Value of mobile overestimated in the short term, underestimated in the medium term says marketing technologist
by Herman Manson (@marklives) South African born eMarketing technology specialist company Acceleration (not to be confused with Acceleration Media) recently made international headlines when WPP Digital announced it had acquire a majority stake in the business.
The company, launched in Cape Town in 1999, had expanded to offices in Buenos Aires, Dubai, Johannesburg, London and New York and employs 160 marketing technologists. A hundred of them sit in Cape Town. Audited revenues for the year ended 31 December 2011 were US$16.8 million (R141.45 million calculated on an exchange rate of R8.42 to the Dollar).
Initially Acceleration started as a media planning and buying business but thanks to an early relationship with ad server DoubleClick got into the technology solution supplier business while also building a strong knowledge base in analysing and interpreting data. Today the business works not only with Google DoubleClick, Test&Target and are a global platinum Adobe partner
Services on offer include analytics and business optimization, management consulting, marketing campaign support, outsourcing and system integration. For publishers the company offers advertising system architecture, advertising system implementation and integration and related strategic and technical services. Their client list includes The Economist, Sky, UEFA, Fox News, AT&T, Safeway, Standard Bank, ABSA, the Mail & Guardian and many more.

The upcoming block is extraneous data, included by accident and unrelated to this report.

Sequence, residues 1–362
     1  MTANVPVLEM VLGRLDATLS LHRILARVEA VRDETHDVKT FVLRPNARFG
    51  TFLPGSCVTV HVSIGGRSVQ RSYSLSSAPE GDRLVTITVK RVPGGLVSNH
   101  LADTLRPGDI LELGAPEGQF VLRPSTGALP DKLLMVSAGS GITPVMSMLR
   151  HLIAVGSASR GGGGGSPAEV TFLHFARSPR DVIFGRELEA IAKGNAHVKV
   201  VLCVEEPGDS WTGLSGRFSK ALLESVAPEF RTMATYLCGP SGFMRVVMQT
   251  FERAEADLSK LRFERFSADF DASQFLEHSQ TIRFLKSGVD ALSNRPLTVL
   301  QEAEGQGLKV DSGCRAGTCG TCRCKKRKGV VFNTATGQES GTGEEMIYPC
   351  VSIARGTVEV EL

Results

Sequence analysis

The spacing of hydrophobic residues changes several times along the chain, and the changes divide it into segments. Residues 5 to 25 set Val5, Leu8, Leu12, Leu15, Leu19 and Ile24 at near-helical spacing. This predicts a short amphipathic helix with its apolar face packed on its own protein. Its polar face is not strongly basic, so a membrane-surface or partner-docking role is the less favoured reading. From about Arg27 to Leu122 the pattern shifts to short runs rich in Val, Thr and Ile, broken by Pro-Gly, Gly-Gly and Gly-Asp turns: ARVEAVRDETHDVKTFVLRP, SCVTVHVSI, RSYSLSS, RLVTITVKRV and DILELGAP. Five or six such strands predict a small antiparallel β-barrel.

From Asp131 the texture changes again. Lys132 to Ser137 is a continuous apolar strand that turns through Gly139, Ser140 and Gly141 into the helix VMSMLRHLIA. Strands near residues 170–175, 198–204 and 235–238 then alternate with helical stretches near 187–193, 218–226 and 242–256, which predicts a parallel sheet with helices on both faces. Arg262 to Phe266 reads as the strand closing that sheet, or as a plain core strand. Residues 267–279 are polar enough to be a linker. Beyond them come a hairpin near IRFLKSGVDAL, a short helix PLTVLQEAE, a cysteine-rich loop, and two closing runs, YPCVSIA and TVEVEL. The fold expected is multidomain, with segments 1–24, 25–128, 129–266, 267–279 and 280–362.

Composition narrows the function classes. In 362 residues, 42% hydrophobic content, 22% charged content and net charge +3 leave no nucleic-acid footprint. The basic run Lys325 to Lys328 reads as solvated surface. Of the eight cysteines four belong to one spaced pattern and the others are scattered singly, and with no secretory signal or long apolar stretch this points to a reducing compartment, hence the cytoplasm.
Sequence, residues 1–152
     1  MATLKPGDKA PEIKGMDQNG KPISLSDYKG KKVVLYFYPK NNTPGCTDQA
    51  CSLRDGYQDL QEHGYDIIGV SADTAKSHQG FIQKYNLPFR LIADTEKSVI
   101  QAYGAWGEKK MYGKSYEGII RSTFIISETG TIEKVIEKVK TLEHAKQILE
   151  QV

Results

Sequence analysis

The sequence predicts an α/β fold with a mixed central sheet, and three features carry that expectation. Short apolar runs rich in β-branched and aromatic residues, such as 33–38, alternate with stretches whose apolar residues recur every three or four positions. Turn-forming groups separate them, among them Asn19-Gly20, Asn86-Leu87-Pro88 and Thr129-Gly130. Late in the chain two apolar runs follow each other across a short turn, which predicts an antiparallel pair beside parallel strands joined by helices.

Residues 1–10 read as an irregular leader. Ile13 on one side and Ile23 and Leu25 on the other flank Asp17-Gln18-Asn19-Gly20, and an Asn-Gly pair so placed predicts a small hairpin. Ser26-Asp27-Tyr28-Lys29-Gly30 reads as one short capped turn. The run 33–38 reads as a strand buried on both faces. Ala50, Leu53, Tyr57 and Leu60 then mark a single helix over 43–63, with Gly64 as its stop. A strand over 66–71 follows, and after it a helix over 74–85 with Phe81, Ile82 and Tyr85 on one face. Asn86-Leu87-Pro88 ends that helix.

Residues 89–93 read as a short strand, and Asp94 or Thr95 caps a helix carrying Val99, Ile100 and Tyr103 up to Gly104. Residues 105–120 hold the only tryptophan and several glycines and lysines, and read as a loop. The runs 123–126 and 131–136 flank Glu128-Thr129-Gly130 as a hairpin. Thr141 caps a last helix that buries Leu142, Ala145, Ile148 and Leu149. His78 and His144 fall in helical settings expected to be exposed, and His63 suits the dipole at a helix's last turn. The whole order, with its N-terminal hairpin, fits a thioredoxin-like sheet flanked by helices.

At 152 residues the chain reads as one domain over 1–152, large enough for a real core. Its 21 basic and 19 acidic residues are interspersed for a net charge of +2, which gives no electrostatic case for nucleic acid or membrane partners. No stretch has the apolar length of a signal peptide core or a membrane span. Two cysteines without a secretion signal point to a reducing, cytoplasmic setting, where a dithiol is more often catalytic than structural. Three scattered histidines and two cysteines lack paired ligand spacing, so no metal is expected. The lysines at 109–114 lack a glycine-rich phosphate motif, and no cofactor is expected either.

The media business, known as Acceleration Media, was spun off in 2005 in reaction to major media agencies investing in digital capacity and sold to Kagiso in 2008.
Richard Mullins had opened Acceleration’s Johannesburg office in 2000 and today serves as Managing Director, Middle East & Africa (MEA) at Acceleration.
Acceleration opened in Dubai four years ago and it’s become a big growth market for them says Mullins. This is because most major companies active in the Arab world has a presence there. In Africa Kenya and South Africa are the major markets.
On the WPP deal Mullins says that it gives Acceleration access to the broad base of WPP Digital clients and IP but that not much has changed in terms of day to day operations. The company founders all retain a stake in the business and its remains an autonomous unit within WPP Digital.
Mullins says the influx of data aggregators over the past few years have resulted in networks selling the same audiences to business rivals. Brands have now realised that they need to protect their data for remarketing purposes rather than allow rivals to cheaply tread the road they have already travelled.
So Coffee brand X has launched a marketing campaign which attracted an audience interested in premium coffee beans. Aggregators, having tagged the interest from these consumers in premium coffee beans, can now go to rival and say “We know exactly who would be interested in quality coffee beans.” So the same audience gets passed around between the various coffee brands on the back of Coffee brand X’s initial campaign.